National Geographic : 1952 Jul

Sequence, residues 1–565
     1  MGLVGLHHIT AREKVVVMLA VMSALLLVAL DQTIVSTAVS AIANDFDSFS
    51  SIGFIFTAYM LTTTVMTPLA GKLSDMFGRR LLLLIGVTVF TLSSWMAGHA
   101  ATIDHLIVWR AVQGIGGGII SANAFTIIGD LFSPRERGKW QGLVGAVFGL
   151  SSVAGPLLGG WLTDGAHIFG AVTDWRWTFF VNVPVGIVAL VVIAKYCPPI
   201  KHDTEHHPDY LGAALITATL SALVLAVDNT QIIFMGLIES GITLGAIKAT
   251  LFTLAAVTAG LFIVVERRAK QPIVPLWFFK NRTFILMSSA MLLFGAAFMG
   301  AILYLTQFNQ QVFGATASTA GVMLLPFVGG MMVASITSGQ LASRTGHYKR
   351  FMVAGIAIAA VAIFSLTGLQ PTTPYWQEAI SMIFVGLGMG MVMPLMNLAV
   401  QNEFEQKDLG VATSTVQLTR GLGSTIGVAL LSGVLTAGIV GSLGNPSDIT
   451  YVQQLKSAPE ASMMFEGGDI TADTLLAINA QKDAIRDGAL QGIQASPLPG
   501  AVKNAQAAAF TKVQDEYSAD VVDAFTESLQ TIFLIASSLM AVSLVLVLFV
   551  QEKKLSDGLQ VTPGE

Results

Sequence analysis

58 A National Geographic Map Alaska, Defender of the North Pacific, Thrusts a Rugged Fist Toward Siberia Sparse roads and the single main railroad point up the disparity between Alaska's population and size about 128,000 people in a territory larger than Texas, California, and Montana combined. Tough terrain and bad weather, which hinder defense, equally discourage aggression. Aboard the North Star the author visited Eskimo outposts along the west coast. Inset shows how Fairbanks sits 4,100 air miles from Moscow. Williwaws poured down the leeward slopes and swept the harbor with hurricane fury. The whirling winds raised misty waterspouts. Aleuts a Sadly Depleted Race During the years the Russians occupied Alaska, they enslaved the friendly Aleuts to pursue sea otter and fur seals; the European masters almost exterminated all three. On the far-flung Aleutians, where formerly some 20,000 to 25,000 Aleuts ventured joy ously through rough seas in graceful bidarkas - boats of stretched skins-sea birds rise in clouds from once-populous islands. The Aleuts now number only about 1,200, according to recent estimates cited by the Alaska Native Service at Juneau. After filling our water tanks, we sailed from Dutch Harbor for Akutan, pulling away from the last wharf we were to touch until our return, 7,000 logged miles later. Sheer cliffs rising from the restless tides presented the most dramatic scenery of the voyage. We anchored in Akutan Bay at twilight. The village perches on a narrow beach at the foot of a mountain. It was easy to see in what esteem the returning teachers were held by the way most of the 80-odd inhabitants swarmed out in boats to greet them. All but the girls. "They are so shy," said our teacher friend, "that they are probably up on the mountainside peeking around rocks." This hamlet is the only one left of seven original villages on Akutan Island. The local whaling station closed down in 1938, but the men find seasonal work in canneries, fur seal ing on the Pribilofs, dragging for king crabs in Bering Sea, and salting cod.